The 2017 Season
With the season beginning to wind down, people will start to look towards the 2017 season. Do the Yankees still have work to get back to the championship status that they and their fanbase are accustomed to, of course. Are any of the prospects that they have a guarantee, of course not.
As of now, it certainly appears that Greg Bird, Did Gregorius, Gary Sanchez, Aaron Judge and Luis Severino all begin next season playing prominent roles for the Bronx Bombers. This group of players will be the core in which the next playoff run will be born. Add the excitement of Clint Frazier likely to force the clubs hand in the second half with others in the mix as well, and the ingredients are beginning to take shape for the next chapter in Yankees history.
That’s not to say that there won’t be struggles or adjustments to be made, that is a given. Will the Yankees look to compete in 2017, no question. Is it realistic to think that they will be in World Series contention? Not in my opinion, unless they make a series of trades for starting pitching. Patience will be a virtue and now is the time to see their plan through. Going through the rough 2016 and the growing pains of 2017, could pay off royally in 2018 and beyond.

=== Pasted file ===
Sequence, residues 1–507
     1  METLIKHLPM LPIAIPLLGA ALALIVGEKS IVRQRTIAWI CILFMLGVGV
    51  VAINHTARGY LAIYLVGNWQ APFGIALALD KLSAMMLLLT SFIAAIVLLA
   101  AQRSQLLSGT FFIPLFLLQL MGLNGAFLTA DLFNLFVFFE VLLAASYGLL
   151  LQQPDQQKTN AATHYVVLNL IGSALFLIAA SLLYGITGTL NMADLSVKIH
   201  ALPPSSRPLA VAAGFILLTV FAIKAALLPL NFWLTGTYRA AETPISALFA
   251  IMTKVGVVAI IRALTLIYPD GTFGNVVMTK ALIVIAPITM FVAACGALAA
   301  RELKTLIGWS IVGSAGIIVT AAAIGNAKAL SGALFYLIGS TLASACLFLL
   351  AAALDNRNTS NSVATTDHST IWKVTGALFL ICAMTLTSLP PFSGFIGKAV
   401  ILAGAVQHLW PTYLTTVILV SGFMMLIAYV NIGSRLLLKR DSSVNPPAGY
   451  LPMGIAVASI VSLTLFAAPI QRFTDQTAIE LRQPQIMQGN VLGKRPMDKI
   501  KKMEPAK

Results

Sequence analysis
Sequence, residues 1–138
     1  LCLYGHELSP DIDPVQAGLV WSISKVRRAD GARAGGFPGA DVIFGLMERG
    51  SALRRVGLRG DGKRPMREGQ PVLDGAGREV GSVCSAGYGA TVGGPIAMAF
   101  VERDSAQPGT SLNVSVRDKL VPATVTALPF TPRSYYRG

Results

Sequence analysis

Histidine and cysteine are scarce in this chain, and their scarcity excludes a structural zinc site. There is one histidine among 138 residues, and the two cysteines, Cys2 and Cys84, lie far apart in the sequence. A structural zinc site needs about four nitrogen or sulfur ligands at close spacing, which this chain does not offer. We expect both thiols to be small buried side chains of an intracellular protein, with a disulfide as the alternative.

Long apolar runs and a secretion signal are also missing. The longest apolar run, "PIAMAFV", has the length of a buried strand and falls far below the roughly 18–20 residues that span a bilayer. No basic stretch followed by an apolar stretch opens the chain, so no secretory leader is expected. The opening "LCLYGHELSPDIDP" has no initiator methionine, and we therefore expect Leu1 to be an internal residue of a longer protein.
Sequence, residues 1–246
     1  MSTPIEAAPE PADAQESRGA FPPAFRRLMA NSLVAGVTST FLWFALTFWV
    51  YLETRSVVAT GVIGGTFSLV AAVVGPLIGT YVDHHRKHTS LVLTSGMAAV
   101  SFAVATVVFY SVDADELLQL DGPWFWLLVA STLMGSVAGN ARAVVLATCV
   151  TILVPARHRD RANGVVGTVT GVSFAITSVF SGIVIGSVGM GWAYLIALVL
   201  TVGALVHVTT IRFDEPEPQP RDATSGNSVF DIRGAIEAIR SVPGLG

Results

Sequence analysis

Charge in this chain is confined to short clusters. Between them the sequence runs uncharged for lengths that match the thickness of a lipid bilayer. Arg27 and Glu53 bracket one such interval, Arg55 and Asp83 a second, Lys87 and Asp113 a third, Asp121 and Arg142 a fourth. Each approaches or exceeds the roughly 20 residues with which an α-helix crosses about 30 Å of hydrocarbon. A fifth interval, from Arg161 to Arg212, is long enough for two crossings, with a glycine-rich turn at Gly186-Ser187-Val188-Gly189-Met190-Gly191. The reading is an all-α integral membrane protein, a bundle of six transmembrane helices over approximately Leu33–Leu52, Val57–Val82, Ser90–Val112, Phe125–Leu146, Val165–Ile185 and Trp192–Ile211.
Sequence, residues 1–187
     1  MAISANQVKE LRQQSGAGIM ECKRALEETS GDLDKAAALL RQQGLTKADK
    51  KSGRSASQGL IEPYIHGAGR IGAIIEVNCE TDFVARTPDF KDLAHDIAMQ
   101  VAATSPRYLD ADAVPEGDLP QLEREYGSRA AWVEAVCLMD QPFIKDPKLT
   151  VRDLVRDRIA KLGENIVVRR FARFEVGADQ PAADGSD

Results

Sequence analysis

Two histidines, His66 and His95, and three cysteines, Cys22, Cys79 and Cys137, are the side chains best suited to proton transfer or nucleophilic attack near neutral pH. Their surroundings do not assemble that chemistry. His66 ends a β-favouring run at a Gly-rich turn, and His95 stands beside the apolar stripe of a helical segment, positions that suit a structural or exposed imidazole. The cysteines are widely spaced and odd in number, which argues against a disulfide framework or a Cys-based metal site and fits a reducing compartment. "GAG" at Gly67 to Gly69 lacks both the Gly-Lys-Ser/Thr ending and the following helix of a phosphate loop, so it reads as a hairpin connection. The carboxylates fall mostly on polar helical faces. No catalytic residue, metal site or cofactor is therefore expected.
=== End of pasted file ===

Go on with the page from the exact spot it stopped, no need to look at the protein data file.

Yankees ownership and Brian Cashman already had the redevelopment wheels in motion as I wrote in this article. So where does this newfound bounty of riches leave the Yankees going forward? First and foremost, there’s legitimate young impact talent that will be on display in the Bronx very soon, with a pipeline of more to come. Second, this will give Brian Cashman payroll flexibility to make a run at some of the young, premier players that are expected to be a part of an epic 2018 free agent class. Last, but not least, this allows the Yankees to have the ability to make trades for any player on the market.
While one chapter of Yankees history came to a close this season, another chapter in their history will begin in 2017. Will this chapter mimic the “Core Four” era? Nobody knows. One thing is for sure with payroll coming off of the books and one of the top two farm systems; it’s an exciting time for the “Yankees Universe” and one filled with pressure for Brian Cashman and his development staff.